The Valpincon nude is already very typical of Ingres's painterly style. Notice the sumptuous textures (the turban, the green curtain, the tassled fringe of the bed cover); the soft, sinuous lines of the woman's torso; the diffuse light, which throws a subtle shadow in complete contrast to the deep modelling associated with Caravaggism; and the relatively shallow picture plane.

Notice also how Ingres' presents us with large expanses of canvas where nothing happens, in order to slow the tempo and direct the eye. In this case, see how the eye is drawn down the back and the left leg to the water flowing into the bath, bottom left.

Like the classically proportioned but somewhat impersonal nudes of Francois Boucher (1703-70) and Giambattista Tiepolo (1696-1770), The Valpincon Bather is not really meant to be a real live woman but an expression of classical femininity - an eternal standard for an ever changing world.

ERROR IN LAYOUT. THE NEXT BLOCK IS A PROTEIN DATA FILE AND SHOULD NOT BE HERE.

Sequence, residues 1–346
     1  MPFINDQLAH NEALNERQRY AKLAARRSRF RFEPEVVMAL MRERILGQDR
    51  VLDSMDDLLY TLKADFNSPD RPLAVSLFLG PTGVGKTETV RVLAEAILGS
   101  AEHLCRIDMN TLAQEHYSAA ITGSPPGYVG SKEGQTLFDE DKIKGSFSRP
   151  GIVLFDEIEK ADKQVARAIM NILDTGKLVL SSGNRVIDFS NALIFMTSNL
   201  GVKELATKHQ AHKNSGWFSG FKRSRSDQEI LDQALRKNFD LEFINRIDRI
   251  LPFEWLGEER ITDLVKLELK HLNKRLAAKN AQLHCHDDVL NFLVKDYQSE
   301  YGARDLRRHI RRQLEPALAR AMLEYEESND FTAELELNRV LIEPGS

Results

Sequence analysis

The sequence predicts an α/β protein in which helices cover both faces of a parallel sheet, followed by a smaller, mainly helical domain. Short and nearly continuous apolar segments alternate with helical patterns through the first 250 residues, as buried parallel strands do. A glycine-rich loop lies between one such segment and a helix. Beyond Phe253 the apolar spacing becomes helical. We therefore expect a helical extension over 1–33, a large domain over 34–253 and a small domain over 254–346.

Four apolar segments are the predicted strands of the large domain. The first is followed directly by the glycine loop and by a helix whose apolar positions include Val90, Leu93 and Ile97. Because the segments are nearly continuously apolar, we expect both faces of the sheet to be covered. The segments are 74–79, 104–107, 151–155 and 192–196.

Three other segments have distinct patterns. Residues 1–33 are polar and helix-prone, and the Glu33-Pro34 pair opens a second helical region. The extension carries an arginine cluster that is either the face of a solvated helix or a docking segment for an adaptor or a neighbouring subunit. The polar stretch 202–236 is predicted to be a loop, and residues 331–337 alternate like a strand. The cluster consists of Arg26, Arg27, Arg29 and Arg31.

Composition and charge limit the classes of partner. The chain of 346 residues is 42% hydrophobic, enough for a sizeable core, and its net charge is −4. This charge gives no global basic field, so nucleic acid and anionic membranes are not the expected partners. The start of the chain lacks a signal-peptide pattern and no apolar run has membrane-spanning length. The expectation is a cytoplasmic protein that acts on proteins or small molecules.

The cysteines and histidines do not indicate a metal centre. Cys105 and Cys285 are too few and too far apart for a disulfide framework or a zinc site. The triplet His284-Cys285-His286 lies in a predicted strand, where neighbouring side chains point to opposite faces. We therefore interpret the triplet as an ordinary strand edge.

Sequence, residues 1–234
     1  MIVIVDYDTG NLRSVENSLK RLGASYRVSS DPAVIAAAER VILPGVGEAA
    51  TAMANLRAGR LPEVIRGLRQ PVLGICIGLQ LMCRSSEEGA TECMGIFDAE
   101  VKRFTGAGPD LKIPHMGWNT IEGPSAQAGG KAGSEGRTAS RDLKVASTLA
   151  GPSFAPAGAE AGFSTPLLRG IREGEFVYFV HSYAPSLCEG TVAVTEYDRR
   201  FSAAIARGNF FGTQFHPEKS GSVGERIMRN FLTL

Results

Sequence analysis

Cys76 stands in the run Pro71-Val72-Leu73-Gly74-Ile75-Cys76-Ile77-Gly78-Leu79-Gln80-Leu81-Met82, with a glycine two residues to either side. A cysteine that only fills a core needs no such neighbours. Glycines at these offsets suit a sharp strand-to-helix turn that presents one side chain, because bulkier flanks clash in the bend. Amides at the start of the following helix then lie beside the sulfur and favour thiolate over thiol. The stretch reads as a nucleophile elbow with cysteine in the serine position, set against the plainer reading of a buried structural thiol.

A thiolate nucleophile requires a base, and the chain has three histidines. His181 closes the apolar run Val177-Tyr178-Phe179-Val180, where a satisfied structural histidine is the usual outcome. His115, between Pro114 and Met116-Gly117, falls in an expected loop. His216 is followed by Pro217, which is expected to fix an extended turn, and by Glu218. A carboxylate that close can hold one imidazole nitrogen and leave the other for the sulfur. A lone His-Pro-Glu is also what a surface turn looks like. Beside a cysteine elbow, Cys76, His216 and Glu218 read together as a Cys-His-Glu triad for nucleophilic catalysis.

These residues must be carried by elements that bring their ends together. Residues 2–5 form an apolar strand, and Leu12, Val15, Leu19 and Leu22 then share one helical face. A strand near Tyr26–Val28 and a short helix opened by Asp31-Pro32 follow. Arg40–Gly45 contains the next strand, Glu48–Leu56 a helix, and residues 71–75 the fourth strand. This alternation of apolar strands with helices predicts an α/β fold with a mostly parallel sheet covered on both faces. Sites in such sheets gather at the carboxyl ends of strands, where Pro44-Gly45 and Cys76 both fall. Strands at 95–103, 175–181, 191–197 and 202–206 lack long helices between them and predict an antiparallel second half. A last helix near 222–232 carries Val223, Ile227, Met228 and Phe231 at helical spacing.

For more about the influence of Ingres on twentieth century artists, please see: Classical Revival in modern art (1900-30).

Explanation of Other French Paintings

Pilgrimage to Cythera (1717) by Jean-Antoine Watteau.

The Oath of the Horatii (1785) by Jacques-Louis David.

Death of Marat (1793) by Jacques-Louis David.

The Artist's Studio (1855) by Gustave Courbet.
Musee d'Orsay, Paris.


• For the meaning of other Neoclassicist paintings, see: Homepage.